US oil company Hess Corporation will give up its 85-percent stake in the producing Ceiba and Okume oilfields offshore Rio Muni, Equatorial Guinea.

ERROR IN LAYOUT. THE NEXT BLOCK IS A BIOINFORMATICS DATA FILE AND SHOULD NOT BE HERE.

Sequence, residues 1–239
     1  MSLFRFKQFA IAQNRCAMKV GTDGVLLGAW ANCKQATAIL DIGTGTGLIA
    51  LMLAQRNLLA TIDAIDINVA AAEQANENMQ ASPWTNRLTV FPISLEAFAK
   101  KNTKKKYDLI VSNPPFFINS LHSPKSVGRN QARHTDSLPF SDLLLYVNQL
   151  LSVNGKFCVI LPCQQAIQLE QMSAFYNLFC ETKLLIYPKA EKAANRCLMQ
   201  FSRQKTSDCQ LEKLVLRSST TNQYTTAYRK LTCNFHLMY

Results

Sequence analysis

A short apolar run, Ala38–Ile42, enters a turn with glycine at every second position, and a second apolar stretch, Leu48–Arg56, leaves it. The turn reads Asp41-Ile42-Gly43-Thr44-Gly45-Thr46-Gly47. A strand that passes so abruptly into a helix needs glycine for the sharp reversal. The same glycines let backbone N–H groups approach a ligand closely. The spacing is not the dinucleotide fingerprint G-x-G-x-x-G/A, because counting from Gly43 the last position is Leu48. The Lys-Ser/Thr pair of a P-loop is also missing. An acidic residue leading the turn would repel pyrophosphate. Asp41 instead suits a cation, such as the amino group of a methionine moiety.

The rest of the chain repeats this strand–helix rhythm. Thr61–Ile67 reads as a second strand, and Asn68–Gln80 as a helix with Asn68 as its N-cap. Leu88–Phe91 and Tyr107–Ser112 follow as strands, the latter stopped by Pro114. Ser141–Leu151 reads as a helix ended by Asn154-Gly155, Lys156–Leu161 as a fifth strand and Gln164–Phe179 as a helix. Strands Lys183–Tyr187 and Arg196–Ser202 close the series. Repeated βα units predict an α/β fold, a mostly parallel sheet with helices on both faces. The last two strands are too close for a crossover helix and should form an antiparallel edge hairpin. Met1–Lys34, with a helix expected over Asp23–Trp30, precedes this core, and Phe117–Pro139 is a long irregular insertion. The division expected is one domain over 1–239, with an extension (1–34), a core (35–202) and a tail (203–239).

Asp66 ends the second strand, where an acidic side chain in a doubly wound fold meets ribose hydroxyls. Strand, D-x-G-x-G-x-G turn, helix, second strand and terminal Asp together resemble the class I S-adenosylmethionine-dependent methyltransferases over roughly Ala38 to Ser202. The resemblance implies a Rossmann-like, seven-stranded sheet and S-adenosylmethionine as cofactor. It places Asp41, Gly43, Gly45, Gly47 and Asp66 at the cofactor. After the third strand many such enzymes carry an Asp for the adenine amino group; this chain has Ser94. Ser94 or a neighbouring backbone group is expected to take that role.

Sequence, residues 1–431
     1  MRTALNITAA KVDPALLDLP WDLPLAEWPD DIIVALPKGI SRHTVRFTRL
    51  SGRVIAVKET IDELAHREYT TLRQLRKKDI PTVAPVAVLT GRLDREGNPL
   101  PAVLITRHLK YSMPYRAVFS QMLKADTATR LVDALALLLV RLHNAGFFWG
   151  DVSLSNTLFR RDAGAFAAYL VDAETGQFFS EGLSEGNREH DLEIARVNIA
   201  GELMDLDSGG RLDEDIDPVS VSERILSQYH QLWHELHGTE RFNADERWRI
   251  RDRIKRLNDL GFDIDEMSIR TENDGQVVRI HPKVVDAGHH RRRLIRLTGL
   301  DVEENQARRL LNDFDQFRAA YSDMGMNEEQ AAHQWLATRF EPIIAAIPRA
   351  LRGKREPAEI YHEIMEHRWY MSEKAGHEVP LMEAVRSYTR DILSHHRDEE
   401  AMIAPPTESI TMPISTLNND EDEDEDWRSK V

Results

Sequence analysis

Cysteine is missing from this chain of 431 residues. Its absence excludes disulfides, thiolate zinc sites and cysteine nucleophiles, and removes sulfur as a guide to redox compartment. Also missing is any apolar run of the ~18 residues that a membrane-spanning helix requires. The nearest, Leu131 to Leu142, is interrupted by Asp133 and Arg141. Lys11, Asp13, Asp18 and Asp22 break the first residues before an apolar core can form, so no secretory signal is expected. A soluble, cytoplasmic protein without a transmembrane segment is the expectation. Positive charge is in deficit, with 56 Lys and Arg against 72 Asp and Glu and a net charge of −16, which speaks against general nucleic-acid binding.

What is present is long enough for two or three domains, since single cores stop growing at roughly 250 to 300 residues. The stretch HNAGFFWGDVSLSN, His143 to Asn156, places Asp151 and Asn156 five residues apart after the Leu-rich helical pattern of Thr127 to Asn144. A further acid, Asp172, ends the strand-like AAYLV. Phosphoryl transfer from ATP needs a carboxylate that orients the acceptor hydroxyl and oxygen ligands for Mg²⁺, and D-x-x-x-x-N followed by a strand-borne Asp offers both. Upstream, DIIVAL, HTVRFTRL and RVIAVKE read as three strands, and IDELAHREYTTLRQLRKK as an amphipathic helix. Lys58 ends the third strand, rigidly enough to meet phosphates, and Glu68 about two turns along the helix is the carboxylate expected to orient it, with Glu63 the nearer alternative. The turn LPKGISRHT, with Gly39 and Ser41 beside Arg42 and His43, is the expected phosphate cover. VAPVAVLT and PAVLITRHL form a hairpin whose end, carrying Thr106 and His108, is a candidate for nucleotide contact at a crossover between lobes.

Kosmos Energy will acquire the assets from Hess; existing investors Tullow Oil and GEPetrol will enter partnership with the new operator.With the purchase of Ceiba and Okume and its entry as an explorer into Block EG-21, Block S and Block W, Kosmos is now a large acreage holder in the Rio Muni basin.The assets of Hess Corporation (NYSE: HES) in Equatorial Guinea will be acquired by Kosmos Energy (NYSE: KOS), the Ministry of Mines and Hydrocarbons has announced. The landmark sale transfers majority ownership and operatorship of two legacy oil producing areas in the Rio Muni basin, Ceiba and Okume, to Kosmos.Hess’ exit from Equatorial Guinea comes after nearly two decades of operations at the Ceiba field and Okume complex, which began producing in 2000 and 2006, respectively. The company operates the two producing areas and has an 85 percent stake. Partners Tullow Oil (15 percent) and national oil company GEPetrol (5 percent carried interest) will work with new operator Kosmos Energy once the asset sale is finalized by the end of 2017.“We thank Hess for its years of service, for its input of technology, knowledge and financing, and above all for its careful stewardship of these important national resources,” said Minister of Mines and Hydrocarbons H.E. Gabriel Mbaga Obiang Lima. “Now, Kosmos Energy brings a new sense of action and commitment to the Ceiba and Okume fields. We are delighted to welcome our new partners as investors and producers, as well as explorers in blocks S, W and EG-21 in the same region. This deal is nothing less than historic, and shifts focus towards the hugely promising Rio Muni basin.”In addition to Kosmos’ asset acquisition of Ceiba and Okume, Kosmos also signed three production sharing contracts today with the Ministry of Mines and Hydrocarbons and GEPetrol. The purchase of Hess’ assets and new licenses make Kosmos the biggest petroleum explorer by acreage and the sole producer in Equatorial Guinea’s Rio Muni southern maritime area.